The method and apparatus of the container further comprises a toothbrush rack for holding toothbrushes in an upright manner with natural air drying for the heads and handles of the toothbrushes.
DETAILED DESCRIPTION OF THE INVENTION
The invention will be described by reference to the several views hereof. Please see FIGS. 1 through 6 of my drawing. FIG. 1, in particular, is an exploded view of my dispenser invention, and shows the major components separated for ease of viewing and understanding. FIG. 3 is an end view and shows the relative assembled location of the primary components of my invention.
As shown in FIG. 1, the toothpaste dispenser 150 includes a tube container 100 as shown in various views of the drawing. Base unit 60 is selected with a width sufficient to support and hold tube container 100 and a toothbrush rack 175. Base unit 60 is deep enough to support a simple push in pull out drawer 40. Drawer 40 is useful for storing dental floss and similar tooth care implements.
Lid 45 rests on the top of container 100. With the opening 104 positioned to the right end on container 100, the key 50 is turned by the left hand. With container 100 turned around then the opening 104 is on the left end and the key 50 is turned by the right hand. Simply reversing the direction of the container 100 determines either a right or left handed operation. Posts and clips 90, or any other suitable such devices known in the art, add rigidity and provide a means for fastening the various pieces of base unit 60 together.
Rack 175 has tab protrusions 179 that mate and snap into mating openings 178 in the rear panel of container 100. (Obviously such mating openings 178 may also be on the front panel of container 100 for the reverse hand operation.) FIG. 1 also shows such protrusions 179 as they would be inserted into and snapped and mated into openings 178 on the rear panel of container 100. FIG. 5 shows tube 101 in place within container 100 (but the openings 178 for receiving protrusion tabs 179) are hidden from sight by the front panel of container 112.
Crimped end 103 of toothpaste tube 101 has been inserted into a slot 56 of key 50 of FIG. 4 and is in position in FIG. 5 to be wound upon itself as a user turns key 50, FIG. 4, during use of my dispenser 150.
In accordance with my invention, the elongated container 100 (which may take any one of several shapes) is chosen with enough width, length and depth to hold a full tube of toothpaste 101 as purchased, say, at the local pharmacy. Such a tube of toothpaste 101 would be seated in the container 100 with the cap end 105 of tube 101 pressed against the inside front wall of the container 100.
The inside front wall of the container 100, if so desired, may generally conform to the front cone shape of an ordinary toothpaste tube 101 or simply may be a flat surface. In any event, however, the inside of the front wall of container 100 makes both a seat and a stop for tube 101 partially shown contained in place in FIG. 5.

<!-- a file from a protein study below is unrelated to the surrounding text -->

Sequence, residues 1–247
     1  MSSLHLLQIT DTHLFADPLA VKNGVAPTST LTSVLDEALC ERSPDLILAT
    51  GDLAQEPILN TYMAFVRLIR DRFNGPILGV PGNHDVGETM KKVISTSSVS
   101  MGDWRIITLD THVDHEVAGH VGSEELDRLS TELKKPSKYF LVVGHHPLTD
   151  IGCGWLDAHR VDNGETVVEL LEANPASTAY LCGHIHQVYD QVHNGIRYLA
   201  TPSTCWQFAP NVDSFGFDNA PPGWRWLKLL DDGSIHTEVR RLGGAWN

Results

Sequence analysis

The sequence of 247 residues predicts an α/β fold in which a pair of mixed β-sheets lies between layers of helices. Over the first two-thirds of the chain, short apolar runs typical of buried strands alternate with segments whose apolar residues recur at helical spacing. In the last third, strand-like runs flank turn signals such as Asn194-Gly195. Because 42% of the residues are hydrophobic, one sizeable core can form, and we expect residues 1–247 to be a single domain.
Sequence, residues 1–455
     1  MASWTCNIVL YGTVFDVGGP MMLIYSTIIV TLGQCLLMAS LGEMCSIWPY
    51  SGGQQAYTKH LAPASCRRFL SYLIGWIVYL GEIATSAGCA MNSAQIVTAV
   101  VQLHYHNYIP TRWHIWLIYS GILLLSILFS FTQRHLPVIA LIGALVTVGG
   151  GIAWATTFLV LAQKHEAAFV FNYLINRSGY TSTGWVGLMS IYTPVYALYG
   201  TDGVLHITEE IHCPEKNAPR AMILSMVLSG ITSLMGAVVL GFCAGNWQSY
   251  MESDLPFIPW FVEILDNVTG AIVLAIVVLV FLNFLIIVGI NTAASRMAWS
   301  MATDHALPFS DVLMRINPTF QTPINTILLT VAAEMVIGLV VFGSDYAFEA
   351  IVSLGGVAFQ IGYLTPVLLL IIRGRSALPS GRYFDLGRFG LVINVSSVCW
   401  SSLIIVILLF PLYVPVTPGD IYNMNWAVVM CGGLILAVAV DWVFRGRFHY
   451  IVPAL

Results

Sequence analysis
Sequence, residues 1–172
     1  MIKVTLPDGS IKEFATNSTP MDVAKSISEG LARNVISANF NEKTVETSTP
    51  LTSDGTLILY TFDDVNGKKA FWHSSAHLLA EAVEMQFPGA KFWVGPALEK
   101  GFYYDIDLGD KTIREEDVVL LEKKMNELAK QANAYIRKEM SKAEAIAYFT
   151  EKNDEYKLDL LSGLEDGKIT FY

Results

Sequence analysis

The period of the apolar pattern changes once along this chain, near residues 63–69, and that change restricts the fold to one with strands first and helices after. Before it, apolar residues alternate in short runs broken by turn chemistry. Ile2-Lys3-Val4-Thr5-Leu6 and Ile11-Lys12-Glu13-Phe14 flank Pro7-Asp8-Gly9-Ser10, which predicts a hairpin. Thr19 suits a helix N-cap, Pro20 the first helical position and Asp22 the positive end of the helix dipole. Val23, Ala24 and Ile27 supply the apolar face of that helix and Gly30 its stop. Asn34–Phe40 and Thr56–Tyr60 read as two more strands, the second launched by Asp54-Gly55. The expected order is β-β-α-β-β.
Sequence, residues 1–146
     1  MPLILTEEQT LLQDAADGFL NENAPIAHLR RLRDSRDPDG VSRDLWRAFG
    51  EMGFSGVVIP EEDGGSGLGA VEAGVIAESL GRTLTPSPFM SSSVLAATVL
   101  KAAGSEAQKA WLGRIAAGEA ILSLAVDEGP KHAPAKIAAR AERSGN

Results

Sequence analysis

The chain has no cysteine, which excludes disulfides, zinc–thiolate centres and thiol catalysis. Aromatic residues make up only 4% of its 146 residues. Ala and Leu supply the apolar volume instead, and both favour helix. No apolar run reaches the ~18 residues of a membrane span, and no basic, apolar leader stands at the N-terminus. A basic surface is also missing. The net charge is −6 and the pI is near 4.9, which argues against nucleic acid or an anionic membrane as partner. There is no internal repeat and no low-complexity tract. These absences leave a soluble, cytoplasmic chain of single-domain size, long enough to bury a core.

A frontal opening 104 allows the user to insert the cap end 105 of the tube 101 into the container 100 with the shoulder of the tube stopped against the inner side of the front wall 112 of container 100. The capped end of tube 101 extends beyond the outside surface of the front wall 112 of container 100 as is perhaps best shown, for example, in FIG. 5.
About the midpoint of the front and back sides of the container 100, FIG. 1, I have placed two parallel tracks 115 which receive the key 50 and allow that key 50 to slip into the tracks 115 and span across container 100 with the back protrusion of the key stem extending out through the rear slot 115. A securing cap 55 (FIGS. 1, 4 and 5) locks the key 50 in place across tracks 115 and allows the key 50 to both freely turn and to slide left and right in tracks 115.
The rearward protrusion and lock 55 on key 50 prevents inadvertent removal of key 50 and prevents any chance of accidental loss of key 50 during use. The key 50, as shown best in FIG. 4, has an open slot 56 chosen with a width and thickness to accommodate the crimped end 103, FIG. 1, of the toothpaste tube 101 of FIG. 1. That slot 56 allows the key 50 to wind up onto the tube 101 itself as the user dispenses toothpaste with my invention.
Lock cap 55 is shown in more detail in FIG. 4, and this cap 55 includes a pair of internal protrusion lugs 57 that lock into a matching pair of detents 58 on the remote end of stem 49 of key 50. At the near end of key 50 a pair of turning ears 59 are rigidly secured to stem 49 of key 56 to allow easy winding of key 50 around a tube of toothpaste 101, FIG. 1.
I have found that toothpaste dispenses easily and smoothly from the front end of the tube 101, and does so without any mess or loss of toothpaste. The entire unit 150 may sit out in the open or it may be wall mounted at a location conveniently near a bathroom sink. The unit 150 may also sit on a bathroom counter, and is an attractive and useful addition to ones bathroom accessories. Moreover, I have discovered that as I wind the key 50 for my dispensing action, a very measured amount of toothpaste issues from the tube 101 and does so free of mess or lost motion.